At a minimum, a Rule 56(f) motion must satisfy the following four requirements

[The party] should (1) articulate some plausible basis for the party's belief that specified "discoverable" material facts likely exist which have not yet become accessible to the party; (2) demonstrate some realistic prospect that the material facts can be obtained within a reasonable additional time period; (3) demonstrate that the material facts will, if obtained, suffice to engender an issue both genuine and material; and (4) demonstrate good cause for failure to have conducted the discovery earlier.

Syl. Pt. 1, in part, Powderidge Unit Owners Ass'n v. Highland Prop., Ltd., 196 W.Va. 692, 695, 474 S.E.2d 872, 875 (1996).

         There are only two statements in petitioner's Rule 56(f) affidavit that tend to support his request for additional discovery. In the first of these statements, petitioner baldly alleges that additional discovery is "necessary to afford [him] a fair and reasonable opportunity to respond to the motion for summary judgment." In the second statement, petitioner asserts only that "the deposition of [his wife] will be scheduled regarding issues related to insurance coverage." Petitioner failed to identify, in any fashion, the basis for his belief that additional discovery would yield genuinely disputed issues of material fact, or to articulate how further discovery, such as deposing his wife, would create a dispute of material fact. As a result, petitioner failed to satisfy both prongs one and three of Powderidge.

         In Powderidge, we described Rule 56(f) as "a procedural 'escape hatch' . . . provided for a party who genuinely requires additional time to marshal material facts to contest a summary judgment motion." 196 W.Va. at 701, 474 S.E.2d at 881. Also in Powderidge, we cited to Williams v. Precision Coil, Inc., 194 W.Va. 52, 62, 459 S.E.2d 329, 338-39 (1995) for the proposition that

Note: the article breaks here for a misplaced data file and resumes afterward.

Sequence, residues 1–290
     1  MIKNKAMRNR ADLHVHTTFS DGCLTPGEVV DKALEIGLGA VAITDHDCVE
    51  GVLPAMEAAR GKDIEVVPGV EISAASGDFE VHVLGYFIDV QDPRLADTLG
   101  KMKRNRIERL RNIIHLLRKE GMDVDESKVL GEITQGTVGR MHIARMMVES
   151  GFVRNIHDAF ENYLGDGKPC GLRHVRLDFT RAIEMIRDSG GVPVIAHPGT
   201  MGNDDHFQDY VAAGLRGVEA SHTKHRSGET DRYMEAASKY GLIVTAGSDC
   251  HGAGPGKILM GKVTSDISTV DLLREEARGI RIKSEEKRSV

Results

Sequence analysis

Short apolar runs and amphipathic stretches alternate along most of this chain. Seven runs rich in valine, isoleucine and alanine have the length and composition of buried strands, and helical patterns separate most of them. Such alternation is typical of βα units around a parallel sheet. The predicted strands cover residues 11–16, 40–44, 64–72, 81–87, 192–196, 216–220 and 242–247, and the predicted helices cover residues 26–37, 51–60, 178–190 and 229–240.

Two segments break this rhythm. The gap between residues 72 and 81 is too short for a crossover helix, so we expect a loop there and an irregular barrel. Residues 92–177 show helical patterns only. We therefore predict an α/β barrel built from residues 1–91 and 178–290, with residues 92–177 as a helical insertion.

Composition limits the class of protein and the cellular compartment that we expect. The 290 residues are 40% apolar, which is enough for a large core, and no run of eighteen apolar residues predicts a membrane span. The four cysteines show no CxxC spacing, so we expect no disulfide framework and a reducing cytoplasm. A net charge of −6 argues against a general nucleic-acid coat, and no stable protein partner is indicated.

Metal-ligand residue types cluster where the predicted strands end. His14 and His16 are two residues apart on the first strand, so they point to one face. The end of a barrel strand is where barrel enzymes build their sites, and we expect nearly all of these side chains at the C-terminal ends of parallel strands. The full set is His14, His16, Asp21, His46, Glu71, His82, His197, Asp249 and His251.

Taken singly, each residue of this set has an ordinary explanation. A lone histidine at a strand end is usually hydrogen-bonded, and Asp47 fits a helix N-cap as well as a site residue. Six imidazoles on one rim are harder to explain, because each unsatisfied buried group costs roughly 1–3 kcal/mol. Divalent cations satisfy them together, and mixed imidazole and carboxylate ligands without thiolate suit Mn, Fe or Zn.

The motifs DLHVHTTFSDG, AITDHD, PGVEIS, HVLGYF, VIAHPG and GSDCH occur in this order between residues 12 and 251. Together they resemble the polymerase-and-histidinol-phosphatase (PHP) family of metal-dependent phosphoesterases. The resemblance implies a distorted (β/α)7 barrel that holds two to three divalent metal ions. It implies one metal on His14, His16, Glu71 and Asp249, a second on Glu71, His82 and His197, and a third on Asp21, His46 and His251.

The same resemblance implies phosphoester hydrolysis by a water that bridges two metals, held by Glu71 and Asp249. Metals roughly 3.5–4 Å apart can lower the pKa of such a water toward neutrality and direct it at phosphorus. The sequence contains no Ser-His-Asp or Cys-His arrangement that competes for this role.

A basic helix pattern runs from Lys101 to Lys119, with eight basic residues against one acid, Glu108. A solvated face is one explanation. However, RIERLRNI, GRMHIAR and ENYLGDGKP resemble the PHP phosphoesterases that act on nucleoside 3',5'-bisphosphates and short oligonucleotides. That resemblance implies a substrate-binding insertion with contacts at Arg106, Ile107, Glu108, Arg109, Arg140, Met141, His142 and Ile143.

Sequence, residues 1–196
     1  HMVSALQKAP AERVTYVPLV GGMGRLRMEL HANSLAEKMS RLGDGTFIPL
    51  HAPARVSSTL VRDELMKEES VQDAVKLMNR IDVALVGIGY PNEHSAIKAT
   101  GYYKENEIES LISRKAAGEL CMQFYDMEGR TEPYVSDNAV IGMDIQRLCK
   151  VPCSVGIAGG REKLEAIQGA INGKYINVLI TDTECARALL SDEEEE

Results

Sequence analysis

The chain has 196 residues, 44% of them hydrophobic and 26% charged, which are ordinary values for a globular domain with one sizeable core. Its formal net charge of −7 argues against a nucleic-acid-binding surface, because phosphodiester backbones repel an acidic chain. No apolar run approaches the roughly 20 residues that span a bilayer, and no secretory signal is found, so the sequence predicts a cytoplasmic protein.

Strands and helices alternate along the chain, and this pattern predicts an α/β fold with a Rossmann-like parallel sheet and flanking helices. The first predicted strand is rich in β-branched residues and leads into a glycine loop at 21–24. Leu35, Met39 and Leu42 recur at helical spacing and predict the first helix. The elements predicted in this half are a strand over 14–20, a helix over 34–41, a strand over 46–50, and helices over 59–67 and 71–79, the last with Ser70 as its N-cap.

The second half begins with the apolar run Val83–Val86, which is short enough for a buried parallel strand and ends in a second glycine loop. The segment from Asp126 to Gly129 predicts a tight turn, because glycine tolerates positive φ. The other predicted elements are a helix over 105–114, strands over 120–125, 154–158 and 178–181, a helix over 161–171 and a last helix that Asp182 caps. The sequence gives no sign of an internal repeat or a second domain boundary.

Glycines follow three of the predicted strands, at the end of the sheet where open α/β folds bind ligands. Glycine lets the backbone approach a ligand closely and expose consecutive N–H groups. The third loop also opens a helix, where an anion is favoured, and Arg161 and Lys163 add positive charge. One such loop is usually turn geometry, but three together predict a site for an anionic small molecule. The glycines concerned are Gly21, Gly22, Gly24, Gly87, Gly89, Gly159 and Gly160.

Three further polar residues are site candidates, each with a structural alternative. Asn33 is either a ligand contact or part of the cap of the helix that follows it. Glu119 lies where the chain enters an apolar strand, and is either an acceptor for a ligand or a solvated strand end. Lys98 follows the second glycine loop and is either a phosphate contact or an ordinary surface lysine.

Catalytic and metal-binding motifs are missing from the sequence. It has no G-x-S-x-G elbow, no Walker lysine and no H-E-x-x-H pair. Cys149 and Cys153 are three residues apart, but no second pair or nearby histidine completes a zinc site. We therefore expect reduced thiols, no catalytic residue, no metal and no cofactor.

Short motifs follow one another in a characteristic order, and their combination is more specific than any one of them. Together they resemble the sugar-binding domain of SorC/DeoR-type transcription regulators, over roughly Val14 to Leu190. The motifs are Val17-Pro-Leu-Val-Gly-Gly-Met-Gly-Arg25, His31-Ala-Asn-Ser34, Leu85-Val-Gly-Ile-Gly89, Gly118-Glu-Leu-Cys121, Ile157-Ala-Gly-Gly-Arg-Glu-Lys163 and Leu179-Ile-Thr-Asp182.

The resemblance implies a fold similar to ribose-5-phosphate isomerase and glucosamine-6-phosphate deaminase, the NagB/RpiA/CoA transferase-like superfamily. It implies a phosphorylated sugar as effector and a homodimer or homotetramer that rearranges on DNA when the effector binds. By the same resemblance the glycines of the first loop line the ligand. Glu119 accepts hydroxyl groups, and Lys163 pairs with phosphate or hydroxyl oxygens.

noncompliance with Rule 56(f) is itself justification for rejecting a claim that the opportunity for discovery was inadequate. We, like the Fourth Circuit, place great weight on the Rule 56(f) affidavit, believing that "[a] party may not simpl[y] assert in its brief that discovery was necessary and thereby overturn summary judgment when it failed to comply with the requirement of Rule 56(f) to set out reasons for the need for discovery in the affidavit." Nguyen v. CNA Corp., 44 F.3d 234, 242 (4th Cir.1995).

Powderidge, 196 W.Va. at 701-02, 474 S.E.2d at 881-82. Accordingly, because petitioner's Rule 56(f) affidavit failed to justify the need for additional discovery, we find that the circuit court did not err in granting summary judgment to State Farm absent such discovery.

         Petitioner next argues that the circuit court, in the order on appeal, wrongfully viewed the facts relevant to insurance coverage in the light most favorable to State Farm. However, in his brief before the Court, petitioner fails to identify any factual finding in the order for which the circuit court viewed the facts in the light most favorable to State Farm. Moreover, the circuit court expressly acknowledged in the order that it was required to "draw any permissible inference from the underlying facts in the light most favorable to the party opposing the [summary judgment] motion." Painter, 192 W.Va. at 192, 451 S.E.2d at 758. ...